The City Council declined this week to intervene in a dispute over a home on North Gertruda Avenue that is headed for demolition, possibly eliminating the final obstacle to the home's destruction.
The house, at 302 N. Gertruda, is at the edge of a block of 75-year-old homes that residents want to place on the National Register of Historic Places. Two weeks ago, about two dozen neighbors asked the council to place a freeze on demolition on the block pending the completion of a historical survey of the homes.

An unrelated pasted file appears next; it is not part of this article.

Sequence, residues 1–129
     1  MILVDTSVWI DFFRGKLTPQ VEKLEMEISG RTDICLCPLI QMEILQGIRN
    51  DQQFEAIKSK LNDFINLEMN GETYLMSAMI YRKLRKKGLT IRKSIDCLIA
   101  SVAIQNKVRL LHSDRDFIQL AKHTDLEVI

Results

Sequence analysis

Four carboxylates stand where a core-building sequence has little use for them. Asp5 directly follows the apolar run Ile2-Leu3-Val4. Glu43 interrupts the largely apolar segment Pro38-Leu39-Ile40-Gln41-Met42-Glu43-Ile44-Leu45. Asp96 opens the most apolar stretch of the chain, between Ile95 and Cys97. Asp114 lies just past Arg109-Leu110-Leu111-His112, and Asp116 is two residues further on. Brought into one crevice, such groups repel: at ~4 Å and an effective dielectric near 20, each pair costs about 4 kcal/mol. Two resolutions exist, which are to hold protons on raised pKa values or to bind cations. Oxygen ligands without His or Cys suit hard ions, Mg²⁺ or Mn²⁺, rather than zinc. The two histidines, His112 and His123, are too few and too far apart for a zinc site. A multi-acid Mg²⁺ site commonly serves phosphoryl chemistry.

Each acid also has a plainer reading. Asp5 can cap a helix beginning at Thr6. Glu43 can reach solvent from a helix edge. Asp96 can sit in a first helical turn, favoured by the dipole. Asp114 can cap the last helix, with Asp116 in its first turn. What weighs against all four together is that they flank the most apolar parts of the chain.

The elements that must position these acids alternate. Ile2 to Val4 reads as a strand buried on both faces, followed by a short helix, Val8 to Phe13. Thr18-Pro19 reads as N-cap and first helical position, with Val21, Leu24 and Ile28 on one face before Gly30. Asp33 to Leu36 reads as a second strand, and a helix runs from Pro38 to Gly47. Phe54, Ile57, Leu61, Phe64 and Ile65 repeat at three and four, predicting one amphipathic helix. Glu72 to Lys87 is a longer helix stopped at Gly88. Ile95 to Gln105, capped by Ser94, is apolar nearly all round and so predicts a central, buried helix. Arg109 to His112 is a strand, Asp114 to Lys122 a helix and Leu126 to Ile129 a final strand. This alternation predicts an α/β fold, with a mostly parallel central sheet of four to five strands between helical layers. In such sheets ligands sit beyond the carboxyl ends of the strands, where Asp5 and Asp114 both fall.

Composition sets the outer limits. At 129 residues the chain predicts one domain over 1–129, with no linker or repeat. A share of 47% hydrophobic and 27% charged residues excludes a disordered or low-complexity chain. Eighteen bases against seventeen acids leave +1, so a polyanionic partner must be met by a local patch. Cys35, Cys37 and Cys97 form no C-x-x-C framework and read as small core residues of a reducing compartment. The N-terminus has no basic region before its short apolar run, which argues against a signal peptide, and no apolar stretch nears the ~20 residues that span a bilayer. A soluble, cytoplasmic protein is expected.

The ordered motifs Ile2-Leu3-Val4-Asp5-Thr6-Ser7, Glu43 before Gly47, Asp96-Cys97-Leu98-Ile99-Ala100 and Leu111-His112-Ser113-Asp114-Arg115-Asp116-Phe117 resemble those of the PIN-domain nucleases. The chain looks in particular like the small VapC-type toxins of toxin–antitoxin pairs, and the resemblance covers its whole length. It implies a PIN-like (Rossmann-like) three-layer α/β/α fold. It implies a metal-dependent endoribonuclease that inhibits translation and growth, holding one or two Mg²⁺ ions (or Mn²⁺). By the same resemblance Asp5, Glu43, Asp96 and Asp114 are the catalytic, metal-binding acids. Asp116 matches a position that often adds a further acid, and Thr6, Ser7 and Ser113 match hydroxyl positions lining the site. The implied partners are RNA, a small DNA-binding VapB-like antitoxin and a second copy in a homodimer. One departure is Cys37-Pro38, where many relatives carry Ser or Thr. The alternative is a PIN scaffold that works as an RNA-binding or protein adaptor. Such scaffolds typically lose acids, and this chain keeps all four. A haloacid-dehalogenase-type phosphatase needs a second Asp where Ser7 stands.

But the owner of the two-bedroom cottage, Hester Riley, a 76-year-old widow who says she needs to sell the property to pay her bills, agreed to sell to two partners who want to tear it down and build a modern two-story home. Escrow on the sale is expected to close next week.
John Woods, a Hawthorne carpenter and one of the buyers, said the home, built sometime between 1908 and 1920, is beyond restoration. However, neighbors who formed Citizens for the Preservation of Historical Houses said the cottage is one of the oldest homes in the city. Tearing it down, they said, could jeopardize the block's chances of being accepted for the national register.